5

We are switching from array() to [] in our php code. And when I start to do code refactoring I found that almost all arrays are specified with array() and not with []. How can I substitute it by vim?

Example:

// アクセスログを取る
$this->set('log_access', array(
    'target' => 'topic',
    'id'     => $id
));

I want to change to:

// アクセスログを取る
$this->set('log_access', [
    'target' => 'topic',
    'id'     => $id
]);

And

$opts    = array('http' => array('header' => 'User-Agent: iPhone-preview'));

I want to change to:

$opts    = ['http' => ['header' => 'User-Agent: iPhone-preview']];
7

Certainly looks like a case for a macro

  • /array<CR> to jump to the first array
  • qq to record the macro into register q
  • de to delete the word array
  • ma to save the cursor position on the first bracket at mark a
  • %r] to jump to the matching bracket, replace it by another bracket
  • `ar[ to jump back to position a and replace that bracket
  • q to end recording of the macro

After that, it's just repeatedly pressing n to jump to the next match and @q to play the macro. You could make the search part of the macro and just execute until it stops, but I thought you might prefer to visually check each substition... you choose :)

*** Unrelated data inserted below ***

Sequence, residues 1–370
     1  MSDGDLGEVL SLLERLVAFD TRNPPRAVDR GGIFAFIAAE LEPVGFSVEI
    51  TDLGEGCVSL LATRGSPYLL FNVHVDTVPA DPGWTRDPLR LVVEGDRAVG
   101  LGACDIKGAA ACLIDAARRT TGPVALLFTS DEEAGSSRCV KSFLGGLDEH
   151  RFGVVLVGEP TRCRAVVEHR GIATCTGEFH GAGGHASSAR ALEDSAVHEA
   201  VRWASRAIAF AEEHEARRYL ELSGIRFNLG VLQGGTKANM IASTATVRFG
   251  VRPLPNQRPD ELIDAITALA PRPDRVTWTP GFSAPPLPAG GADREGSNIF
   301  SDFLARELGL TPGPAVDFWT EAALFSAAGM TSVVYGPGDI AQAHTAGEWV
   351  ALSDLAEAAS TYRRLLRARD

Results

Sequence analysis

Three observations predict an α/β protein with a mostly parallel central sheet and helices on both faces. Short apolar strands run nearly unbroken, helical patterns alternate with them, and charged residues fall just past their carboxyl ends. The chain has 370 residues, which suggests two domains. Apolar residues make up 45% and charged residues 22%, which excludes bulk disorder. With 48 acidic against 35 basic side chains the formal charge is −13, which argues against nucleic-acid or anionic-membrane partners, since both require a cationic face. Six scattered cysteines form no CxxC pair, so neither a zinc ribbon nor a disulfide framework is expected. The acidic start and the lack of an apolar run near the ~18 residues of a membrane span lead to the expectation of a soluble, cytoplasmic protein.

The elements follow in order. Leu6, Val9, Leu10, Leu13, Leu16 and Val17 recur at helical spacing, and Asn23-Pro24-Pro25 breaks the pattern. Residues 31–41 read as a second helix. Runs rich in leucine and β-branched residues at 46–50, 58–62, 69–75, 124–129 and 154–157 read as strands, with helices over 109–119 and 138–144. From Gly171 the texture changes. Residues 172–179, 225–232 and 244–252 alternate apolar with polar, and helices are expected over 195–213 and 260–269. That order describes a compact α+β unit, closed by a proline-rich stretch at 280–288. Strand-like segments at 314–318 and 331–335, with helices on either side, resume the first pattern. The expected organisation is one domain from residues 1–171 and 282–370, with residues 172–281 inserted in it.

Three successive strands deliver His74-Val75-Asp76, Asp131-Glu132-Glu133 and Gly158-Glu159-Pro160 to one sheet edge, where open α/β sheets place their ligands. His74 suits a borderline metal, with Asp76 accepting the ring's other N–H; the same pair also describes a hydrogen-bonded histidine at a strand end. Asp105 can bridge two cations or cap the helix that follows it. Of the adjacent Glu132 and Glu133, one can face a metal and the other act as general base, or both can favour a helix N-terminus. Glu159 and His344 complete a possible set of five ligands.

• 1
    Interesting, +1. I was thinking using RE but discovered that's not possible: stackoverflow.com/questions/5139300/… – Rmano Feb 19 '16 at 9:42
  • +1 also. Just a minor possible improvement, if Vim is recent enough to support the gn object, you could replace de with dgn to delete the next occurrence of the last searched pattern. You could still check each substitution, but you wouldn't have to hit n before replaying the macro with @q. – saginaw Feb 19 '16 at 10:05
  • 3
    Interesting suggestion, thanks. I'll just leave it like that anyways, because using n + @q has the advantage of possibly highlighting the match, which might make the whole process go down easier. Just so many possibilities... – PhilippFrank Feb 19 '16 at 10:08
  • 1
    Yes you're right, gn is probably not really useful here, because the searched pattern is well-defined and not a regex whose length may vary. Plus I didn't think you could simply add the n motion inside the macro, your approach adds the benefit of really seeing what's going on at each step of the process. – saginaw Feb 19 '16 at 10:25
  • 1
    The other good thing of adding the search to the macro could be the possibility to apply it to the whole buffer with :% normal @a... yes, a lot of possibilities. – Rmano Feb 19 '16 at 10:25

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